Cabbage Palm (Cordyline australis)

This is also known as the Torbay Palm, which is the official symbol of the English Riviera. It is a popular ornamental tree, more a woody stemmed evergreen shrub, with corky fissured bark, and stiff swordlike leaves which take about five years before they die and hang down, below the actively growing top, and can be tidied up. They can grow very tall, but usually between 20’ to 40’.

The plant is a native uniquely of New Zealand, (australis means ‘southern’), and is one of the two or three palm like trees that will grow in Northern Europe. When a good size, often after growing a side branch, it produces a strong framework of a large sweet smelling florescence, each head can contain 6,000 to 10,000 small scented flowers, bearing up to 40,000 seeds. The flowers last for up to six weeks, often in alternate years, with a bumper crop (as last summer) every three to five years. They do not easily have the berry fruit here, but the seed-laden trusses are strong enough to bear even the weight of heavy pigeons. In winter in New Zealand, these large white berries are a great attraction for birds

This species is native to New Zealand. It was cultivated freely as it produces good fruits and is easy to grow in well drained soil. When put out in neat rows, the young plants some say, were thought by sailors and visitors to look from a distance like so many rows of cabbages, or also because the edible rhizomes at the base of the tree, when cooked, tasted of almonds with a cabbagey flavour..The plants need to be spaced out, not shaded, and in well drained soil. In fact the numbers growing near homesteads and gardens could very well indicate the fertility of the local soil when seeking areas for further development.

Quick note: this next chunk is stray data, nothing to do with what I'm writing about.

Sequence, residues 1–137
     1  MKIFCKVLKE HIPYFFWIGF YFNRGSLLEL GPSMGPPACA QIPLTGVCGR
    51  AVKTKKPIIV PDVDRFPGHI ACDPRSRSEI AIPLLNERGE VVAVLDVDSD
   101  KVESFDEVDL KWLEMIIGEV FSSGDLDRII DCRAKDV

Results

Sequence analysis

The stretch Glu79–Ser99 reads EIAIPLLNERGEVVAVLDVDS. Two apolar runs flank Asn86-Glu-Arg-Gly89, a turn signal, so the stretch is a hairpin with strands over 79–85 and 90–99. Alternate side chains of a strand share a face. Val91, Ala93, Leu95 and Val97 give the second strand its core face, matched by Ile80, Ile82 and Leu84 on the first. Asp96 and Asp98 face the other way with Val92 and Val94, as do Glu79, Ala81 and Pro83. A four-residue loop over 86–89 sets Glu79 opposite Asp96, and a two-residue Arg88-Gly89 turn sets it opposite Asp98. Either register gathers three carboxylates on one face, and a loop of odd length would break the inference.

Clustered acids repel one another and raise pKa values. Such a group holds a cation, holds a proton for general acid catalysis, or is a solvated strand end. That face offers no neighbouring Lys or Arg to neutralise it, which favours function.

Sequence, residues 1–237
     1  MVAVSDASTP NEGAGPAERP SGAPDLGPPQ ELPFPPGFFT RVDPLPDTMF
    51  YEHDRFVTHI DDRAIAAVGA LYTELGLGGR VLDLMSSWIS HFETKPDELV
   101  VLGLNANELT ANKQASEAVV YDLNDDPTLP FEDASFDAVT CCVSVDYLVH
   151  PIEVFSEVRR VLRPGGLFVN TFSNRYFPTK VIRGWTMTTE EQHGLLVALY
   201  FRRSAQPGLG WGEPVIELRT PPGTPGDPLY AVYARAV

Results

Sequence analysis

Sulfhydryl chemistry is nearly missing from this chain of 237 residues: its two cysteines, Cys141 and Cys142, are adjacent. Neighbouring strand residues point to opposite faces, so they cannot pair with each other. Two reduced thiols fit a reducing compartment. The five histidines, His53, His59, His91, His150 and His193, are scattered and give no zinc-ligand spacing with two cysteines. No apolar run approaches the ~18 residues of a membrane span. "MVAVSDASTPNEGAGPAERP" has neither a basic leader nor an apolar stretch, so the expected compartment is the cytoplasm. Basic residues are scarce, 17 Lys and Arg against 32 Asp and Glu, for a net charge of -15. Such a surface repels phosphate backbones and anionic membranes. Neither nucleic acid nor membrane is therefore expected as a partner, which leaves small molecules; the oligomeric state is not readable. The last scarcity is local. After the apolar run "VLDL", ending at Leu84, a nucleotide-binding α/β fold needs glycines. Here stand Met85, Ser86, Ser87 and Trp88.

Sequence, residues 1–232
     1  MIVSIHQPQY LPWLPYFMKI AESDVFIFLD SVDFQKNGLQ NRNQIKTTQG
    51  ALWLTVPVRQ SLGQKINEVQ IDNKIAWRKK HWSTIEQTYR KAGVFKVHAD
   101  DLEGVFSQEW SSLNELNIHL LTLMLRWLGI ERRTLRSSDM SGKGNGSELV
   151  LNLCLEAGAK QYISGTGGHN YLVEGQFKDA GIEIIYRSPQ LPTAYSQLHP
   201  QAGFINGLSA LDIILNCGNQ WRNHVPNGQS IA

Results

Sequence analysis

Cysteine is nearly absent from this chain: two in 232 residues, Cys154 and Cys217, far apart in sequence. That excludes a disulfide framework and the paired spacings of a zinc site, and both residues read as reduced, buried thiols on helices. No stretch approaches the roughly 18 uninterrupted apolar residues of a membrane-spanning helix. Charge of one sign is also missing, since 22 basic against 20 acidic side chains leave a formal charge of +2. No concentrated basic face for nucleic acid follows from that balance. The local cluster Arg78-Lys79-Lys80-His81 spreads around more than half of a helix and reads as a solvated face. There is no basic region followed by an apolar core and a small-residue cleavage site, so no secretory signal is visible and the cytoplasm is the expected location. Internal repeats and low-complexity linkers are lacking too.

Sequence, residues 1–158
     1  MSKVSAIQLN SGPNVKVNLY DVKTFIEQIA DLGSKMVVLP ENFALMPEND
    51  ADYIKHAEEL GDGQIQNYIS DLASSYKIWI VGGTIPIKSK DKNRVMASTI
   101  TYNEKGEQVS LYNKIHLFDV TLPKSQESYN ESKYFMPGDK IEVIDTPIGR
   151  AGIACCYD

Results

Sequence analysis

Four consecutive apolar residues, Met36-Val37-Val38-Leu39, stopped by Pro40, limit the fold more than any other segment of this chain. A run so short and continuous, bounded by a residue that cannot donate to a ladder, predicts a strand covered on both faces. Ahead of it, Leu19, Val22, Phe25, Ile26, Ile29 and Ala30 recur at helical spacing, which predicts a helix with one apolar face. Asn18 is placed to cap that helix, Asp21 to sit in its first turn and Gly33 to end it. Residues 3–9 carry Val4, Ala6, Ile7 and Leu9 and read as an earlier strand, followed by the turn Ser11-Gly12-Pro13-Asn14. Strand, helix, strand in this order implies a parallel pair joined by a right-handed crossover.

The indigenous people found that the leaves have a fibrous nature which is durable and can be used for textiles, anchor ropes, fishing lines and the leaves can be woven into baskets. Later visitors found the plant could be used to make alcohol.

While the trees can be planted in tubs or containers when not too large, they should not be planted near buildings because of their suckering habit. There are now many coloured forms and hybrids , but the bronze leaf varieties are susceptible to frost.

There are specimens near Dulwich Library, in the Park and in Kingswood Drive. The other palm like tree seen locally is the Chusan palm (from China) which is easily distinguished by its bark which has a soft fibrous woolly look.

Jill Manuel